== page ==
Laura Sydell

Laura Sydell fell in love with the intimate storytelling qualities of radio, which combined her passion for theatre and writing with her addiction to news. She's covered politics, arts, media, religion, entrepreneurship, and most recently she became the Arts & Technology Correspondent for the NPR newsmagazines All Things Considered, Morning Edition, and Weekend Edition.

Sydell considers it incredibly exciting to be reporting on the ways in which technology is changing our culture. She enjoys telling the stories of everyone from high-profile CEOs, to small inventors such as a Berkeley man who developed a revolutionary book-binding machine in his basement that could transform the publishing industry. She sees the beat as an opportunity to help listeners understand how technology is changing the way we create and live.

As a senior technology reporter on Public Radio International's Marketplace, Sydell looked at the human impact of new technologies and the personalities behind the Silicon Valley boom and bust.

Before coming to San Francisco, Sydell was based in New York City where she worked as a reporter for NPR member station WNYC. There, her reports on race relations, city politics, and arts won numerous awards from The Newswomen's Club of New York, The New York Press Club, The Society of Professional Journalists, and others. She has also produced long-form radio documentaries that focused on individuals whose life experiences turned them into activists. American Women in Radio and Television, The National Federation of Community Broadcasters, and Women in Communications have all honored her documentary work.

After finishing a one-year fellowship with the National Arts Journalism Program at Columbia University, Sydell came to San Francisco as a teaching fellow at the Graduate School of Journalism at University of California, Berkeley.

Among her all-time favorite pieces are her profile of a private eye who found a way to incorporate Buddhist faith into her job by working exclusively on death penalty cases, and the story of a mother's devotion to a son charged with a brutal murder and the bus that carries her and others with incarcerated family members from New York City to a prison upstate.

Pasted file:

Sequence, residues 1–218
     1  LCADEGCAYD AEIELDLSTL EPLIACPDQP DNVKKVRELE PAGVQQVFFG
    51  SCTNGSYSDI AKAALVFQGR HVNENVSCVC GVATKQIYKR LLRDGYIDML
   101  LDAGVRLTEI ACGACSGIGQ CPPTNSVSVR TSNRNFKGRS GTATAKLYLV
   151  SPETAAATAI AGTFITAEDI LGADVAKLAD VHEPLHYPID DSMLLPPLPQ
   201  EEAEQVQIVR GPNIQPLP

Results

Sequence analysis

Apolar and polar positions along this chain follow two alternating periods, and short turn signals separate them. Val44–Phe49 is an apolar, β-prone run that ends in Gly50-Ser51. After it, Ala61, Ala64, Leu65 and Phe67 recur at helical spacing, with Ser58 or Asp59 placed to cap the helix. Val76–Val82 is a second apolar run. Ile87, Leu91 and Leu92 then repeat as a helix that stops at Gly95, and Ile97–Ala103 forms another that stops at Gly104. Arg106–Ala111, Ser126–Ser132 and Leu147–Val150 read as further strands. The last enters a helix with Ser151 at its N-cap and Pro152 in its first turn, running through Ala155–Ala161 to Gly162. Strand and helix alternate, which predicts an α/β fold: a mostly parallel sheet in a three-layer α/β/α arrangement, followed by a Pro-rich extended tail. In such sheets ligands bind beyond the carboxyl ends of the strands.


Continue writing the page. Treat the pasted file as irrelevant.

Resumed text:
Sydell has a bachelor's degree from William Smith College in Geneva, New York, and a J.D. from Yeshiva University's Cardozo School of Law. She lives in San Francisco and laments the fact that she is too busy to have a dog.

 

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1:18am

Wed July 3, 2013

6:30am

Sun June 30, 2013
Music

Taj Mahal: Still Cooking Up 'Heirloom Music' His Own Way

Originally published on Sun June 30, 2013 10:46 am

Taj Mahal is credited with helping popularize American blues over the course of his five-decade career.
Jay Blakesberg Courtesy of the artist

Taj Mahal has a degree in animal husbandry and agronomy, and planned to be a farmer. Music was just something he did.

"No matter what went down, music was always going to be a part of my life," the guitarist and singer says. "What ultimately happened is that, over a period of time, I just kind of looked around and when like, 'Wow! I'm actually making a living doing this.'"

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2:04am

Thu June 27, 2013
Business

$99 Game Console Ouya Aims To Take Down Barriers To Fans

Originally published on Thu June 27, 2013 10:37 am

The Ouya game console and controller. Games are sold through something like an app store, allowing customers to sample them before buying.
Courtesy of Ouya

Sony and Microsoft are preparing to launch their latest gaming consoles this fall with price tags from $400 for the PlayStation 4 and $500 for the Xbox One. But this week, a $99 game console went on sale and sold out at Target and Amazon.

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3:28am

Sat June 15, 2013
The Record

Pandora Buys A Radio Station, Songwriters' Group Calls It A 'Stunt'

Originally published on Sat June 15, 2013 2:40 pm

Blake Morgan's songs were played some 28,000 times over a 90-day period on Pandora, earning $1.62 in royalties.
Jim Herrington Courtesy of the artist

This week, the Internet radio broadcaster Pandora made what seems like a backward move — technologically speaking. Pandora purchased a local radio station in Rapid City, S.D. The company says it's aiming to get the more favorable royalty rates given to terrestrial broadcasters, but the move has songwriters and composers up in arms.

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3:59am

Tue June 4, 2013
Business

Apple: Price-Fixing Charges 'Not True'

Originally published on Tue June 4, 2013 2:29 pm

Transcript

RENEE MONTAGNE, HOST:

Lawyers for Apple will be back in court today, defending the company against government charges that it conspired with publishers to fix eBook prices. All the major publishing houses settled months ago with the Justice Department.

But as NPR's Laura Sydell reports, Apple's lawyer told the court the company won't settle because it did nothing wrong.

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